Robert Bork on Judicial Arrogance

With Robert Bork

The famously rejected nominee takes on the Supreme Courts of the U.S., Canada and Israel and finds them representative of a great failing in western jurisprudence: i.e. seeking to make new law and, thus, to “legislate” instead of “adjudicate.” He had just published (in 2003) a book laying out the argument that he presents quite forcefully in this discussion.And, speaking of counter-factuals, how might our history have been different if he had been allowed onto the Supreme Court?


Milton Friedman: A Panagyric

With Leo Melamed, founder of the Chicago Mercantile Exchange and Sam Peltzman, Professor of Economics, University of Chicago

In the new podcast with Sam Peltzman, recorded a week ago, he speaks of Friedman as his professor and colleague. Another such colleague was Leo Melamed and here, in this program from 2007, they recall Friedman as friend, as innovative contributor to the transformation of American economics and, basically, as the “guy who got it right.”

Peltzman picture

It’s not dismal and it’s not quite a science

With Sam Peltzman

But economics is probably the most important (or most influential) of the academic social disciplines, A leading practitioner, who is widely expected to become a Nobel Laureate, is Sam Peltzman of the University of Chicago. He joins us in this week’s podcast to explain the “Peltzman Effect” and, among many other things, how and where the present administration went wrong.


Revolution Throughout History

With Various Historians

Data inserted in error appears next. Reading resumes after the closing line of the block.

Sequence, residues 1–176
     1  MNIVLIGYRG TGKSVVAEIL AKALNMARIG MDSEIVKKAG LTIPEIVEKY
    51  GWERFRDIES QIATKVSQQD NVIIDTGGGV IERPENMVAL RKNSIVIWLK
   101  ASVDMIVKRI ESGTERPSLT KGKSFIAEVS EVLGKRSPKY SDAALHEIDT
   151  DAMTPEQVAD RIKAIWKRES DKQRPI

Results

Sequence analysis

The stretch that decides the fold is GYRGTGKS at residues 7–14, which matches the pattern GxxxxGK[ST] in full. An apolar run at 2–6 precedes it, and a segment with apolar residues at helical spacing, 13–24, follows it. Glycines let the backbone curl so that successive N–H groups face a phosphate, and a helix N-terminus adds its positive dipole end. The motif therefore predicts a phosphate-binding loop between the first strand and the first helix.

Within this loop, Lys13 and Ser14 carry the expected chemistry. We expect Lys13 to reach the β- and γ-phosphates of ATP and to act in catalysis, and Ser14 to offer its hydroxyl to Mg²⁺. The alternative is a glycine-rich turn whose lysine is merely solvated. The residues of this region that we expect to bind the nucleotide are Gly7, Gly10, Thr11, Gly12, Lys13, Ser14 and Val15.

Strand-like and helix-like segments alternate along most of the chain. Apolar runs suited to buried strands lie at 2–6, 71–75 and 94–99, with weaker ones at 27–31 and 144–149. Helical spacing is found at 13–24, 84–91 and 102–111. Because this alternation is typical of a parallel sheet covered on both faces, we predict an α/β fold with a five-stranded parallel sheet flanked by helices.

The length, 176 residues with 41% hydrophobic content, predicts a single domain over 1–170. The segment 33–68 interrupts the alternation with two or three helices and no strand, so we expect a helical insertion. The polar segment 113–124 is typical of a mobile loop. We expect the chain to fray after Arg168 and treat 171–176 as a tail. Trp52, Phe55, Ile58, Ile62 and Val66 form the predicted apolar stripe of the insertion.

A team of academically-based historical specialists examines “the anatomy of revolution” and inquires what was shared by–and distinctive about–the French, English, American and Russian revolutions. A guiding question is whether modern convulsions in the alteration of power are truly “revolutionary.”


Poor Higher Education we may Always Have With Us

With Gregg Lukianoff

This conversation with the main man at the Foundation for Individual Rights in Education (FIRE) aroused and infuriated eight years ago—and all the more so today because the problems it highlighted then persist to the present moment. It doth indeed appear that on the American campus political correctness hath wrought its masterpiece


Now, There Was a Monarch!

With Carol Levin and Robert Bucholltz

Elizabeth the First had a much more demanding assignment (job description) than the current Queen of England. The arts of ambiguity (combined, where necessary, with ruthlessness) seem to have been the basis of her effective and creative rule. All of this is under delightfully detailed examination in this 2003 conversation with two specialists in “Elizabethan” history.


Jesus and his Brother

With Herschel Shanks and Ben Witherington

Eleven years ago biblical archeologists were enthused over the discovery of the container that had held the bones of the brother of Jesus. Two of the leading scholars of New Testament research reported the find and the way that it deepened our “knowledge” of the historical jesus. Here, in 2003, they discuss what two hundred years of that search have yielded.